The Right Coast

January 13, 2004
Classic Movie Review: The Third Man
By Michael Rappaport

I recently watched the classic movie, The Third Man. The thriller, set in post-World War II Vienna, has been lauded as one of the best movies of all time, and Orson Welles’s performance in the movie, which is largely confined to the last 15 minutes, is certainly great. Watching the movie more than a half century after it was produced, it seemed well-crafted, but dated. The cinematographic techniques might have been innovative when the movie was released, but they were now familiar. One effect though that retained its power was the mysterious zither music running through the movie.

What I really liked about the movie was its story and the moral choice it presented. The main character (Holly Martins) must decide whether to support and protect an old friend out of loyalty or to turn the friend in to the police once he discovers the depraved actions the friend has taken. Martins considers refusing to help the police, but in the end decides to help capture his friend at some risk to himself.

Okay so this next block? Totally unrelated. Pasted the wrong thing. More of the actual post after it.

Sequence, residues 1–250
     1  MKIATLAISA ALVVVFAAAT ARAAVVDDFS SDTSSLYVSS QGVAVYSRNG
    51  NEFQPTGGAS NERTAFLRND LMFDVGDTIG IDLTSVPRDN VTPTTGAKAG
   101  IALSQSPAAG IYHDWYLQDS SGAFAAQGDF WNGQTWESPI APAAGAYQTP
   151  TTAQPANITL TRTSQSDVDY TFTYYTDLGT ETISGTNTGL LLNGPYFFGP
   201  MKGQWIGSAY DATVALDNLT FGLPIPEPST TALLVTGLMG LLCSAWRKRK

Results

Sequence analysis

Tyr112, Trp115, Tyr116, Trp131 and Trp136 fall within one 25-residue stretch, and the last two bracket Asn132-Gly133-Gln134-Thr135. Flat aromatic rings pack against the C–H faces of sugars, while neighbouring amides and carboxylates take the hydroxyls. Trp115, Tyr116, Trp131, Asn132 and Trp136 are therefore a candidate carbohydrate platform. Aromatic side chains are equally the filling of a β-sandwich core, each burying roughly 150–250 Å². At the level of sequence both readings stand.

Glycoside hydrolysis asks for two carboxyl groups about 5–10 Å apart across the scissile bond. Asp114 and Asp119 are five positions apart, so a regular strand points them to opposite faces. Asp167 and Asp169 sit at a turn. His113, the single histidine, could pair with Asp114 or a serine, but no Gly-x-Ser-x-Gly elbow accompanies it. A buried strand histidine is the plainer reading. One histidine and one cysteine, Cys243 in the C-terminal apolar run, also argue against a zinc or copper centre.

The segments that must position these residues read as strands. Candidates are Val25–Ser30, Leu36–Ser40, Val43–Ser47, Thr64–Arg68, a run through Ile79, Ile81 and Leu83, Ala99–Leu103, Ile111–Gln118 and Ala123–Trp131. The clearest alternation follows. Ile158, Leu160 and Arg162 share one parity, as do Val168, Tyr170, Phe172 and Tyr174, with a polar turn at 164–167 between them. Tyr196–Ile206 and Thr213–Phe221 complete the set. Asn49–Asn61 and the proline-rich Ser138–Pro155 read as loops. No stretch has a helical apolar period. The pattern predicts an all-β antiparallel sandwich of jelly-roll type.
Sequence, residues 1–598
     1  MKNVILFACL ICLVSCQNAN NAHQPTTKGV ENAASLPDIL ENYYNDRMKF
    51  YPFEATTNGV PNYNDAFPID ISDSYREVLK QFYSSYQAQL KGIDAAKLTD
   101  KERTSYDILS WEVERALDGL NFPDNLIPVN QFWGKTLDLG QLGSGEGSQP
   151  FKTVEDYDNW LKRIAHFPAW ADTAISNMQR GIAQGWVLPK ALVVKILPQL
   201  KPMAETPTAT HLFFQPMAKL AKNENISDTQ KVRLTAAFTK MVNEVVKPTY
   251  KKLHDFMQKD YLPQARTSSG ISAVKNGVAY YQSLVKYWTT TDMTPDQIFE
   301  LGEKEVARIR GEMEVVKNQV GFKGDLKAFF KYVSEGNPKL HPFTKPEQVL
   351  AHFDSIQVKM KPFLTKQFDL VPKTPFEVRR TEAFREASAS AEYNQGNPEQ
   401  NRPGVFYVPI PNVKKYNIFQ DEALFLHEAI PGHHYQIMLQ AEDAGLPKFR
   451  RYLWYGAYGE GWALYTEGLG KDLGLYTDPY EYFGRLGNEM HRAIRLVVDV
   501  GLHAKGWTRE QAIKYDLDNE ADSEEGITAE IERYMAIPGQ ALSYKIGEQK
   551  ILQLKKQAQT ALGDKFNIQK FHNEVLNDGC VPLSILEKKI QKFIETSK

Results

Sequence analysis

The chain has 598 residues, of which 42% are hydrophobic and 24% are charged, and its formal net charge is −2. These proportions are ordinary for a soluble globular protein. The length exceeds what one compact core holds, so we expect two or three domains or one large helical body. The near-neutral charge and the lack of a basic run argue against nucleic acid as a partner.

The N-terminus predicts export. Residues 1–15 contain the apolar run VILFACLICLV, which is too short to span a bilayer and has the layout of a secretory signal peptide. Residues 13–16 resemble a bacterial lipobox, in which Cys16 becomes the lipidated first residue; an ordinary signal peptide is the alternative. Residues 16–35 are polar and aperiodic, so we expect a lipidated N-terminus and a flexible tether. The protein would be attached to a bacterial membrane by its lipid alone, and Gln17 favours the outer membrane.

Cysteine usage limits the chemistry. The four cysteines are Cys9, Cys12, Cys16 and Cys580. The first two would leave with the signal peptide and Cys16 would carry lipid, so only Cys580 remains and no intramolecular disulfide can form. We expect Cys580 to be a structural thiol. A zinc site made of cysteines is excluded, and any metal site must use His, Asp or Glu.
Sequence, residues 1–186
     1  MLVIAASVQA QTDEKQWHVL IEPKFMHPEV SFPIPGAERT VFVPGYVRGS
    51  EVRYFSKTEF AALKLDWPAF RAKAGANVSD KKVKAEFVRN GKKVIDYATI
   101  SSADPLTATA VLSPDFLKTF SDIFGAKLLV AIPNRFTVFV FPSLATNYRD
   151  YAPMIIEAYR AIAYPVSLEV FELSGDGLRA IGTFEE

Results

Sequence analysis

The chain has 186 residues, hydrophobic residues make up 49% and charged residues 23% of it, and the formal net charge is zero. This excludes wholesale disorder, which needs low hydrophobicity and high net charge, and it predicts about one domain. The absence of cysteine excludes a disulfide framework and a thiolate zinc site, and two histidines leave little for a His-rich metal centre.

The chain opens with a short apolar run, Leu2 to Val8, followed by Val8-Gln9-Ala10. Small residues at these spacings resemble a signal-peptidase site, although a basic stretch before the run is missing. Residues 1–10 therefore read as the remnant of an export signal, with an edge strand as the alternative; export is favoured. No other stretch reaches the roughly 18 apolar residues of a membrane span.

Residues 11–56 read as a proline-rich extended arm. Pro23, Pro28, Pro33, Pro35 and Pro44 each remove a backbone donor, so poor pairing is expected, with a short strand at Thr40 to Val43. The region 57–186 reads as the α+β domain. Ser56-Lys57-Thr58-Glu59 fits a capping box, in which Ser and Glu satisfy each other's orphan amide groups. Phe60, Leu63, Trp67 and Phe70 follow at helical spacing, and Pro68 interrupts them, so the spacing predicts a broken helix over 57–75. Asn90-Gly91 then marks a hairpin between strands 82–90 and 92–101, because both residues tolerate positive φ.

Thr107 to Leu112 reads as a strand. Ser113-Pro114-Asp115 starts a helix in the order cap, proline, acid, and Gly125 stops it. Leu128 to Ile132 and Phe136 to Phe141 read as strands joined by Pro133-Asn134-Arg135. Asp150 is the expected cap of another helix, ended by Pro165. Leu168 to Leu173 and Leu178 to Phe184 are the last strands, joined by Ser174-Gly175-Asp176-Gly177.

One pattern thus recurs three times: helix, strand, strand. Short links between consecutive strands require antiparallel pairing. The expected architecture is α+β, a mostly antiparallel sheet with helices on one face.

This behavior is contrasted with the friend’s (former) girlfriend, who remains loyal to him, even though he has faked his death and left her grieving and at risk of being deported to communist controlled Eastern Europe. She not only refuses to cooperate with the police but attempts to protect him from capture.

The contrast in the way that these two characters respond to the friend is what gives the movie its power, and Wells plays the friend to perfection – portraying a person who could produce such strong attachments and yet be so despicable.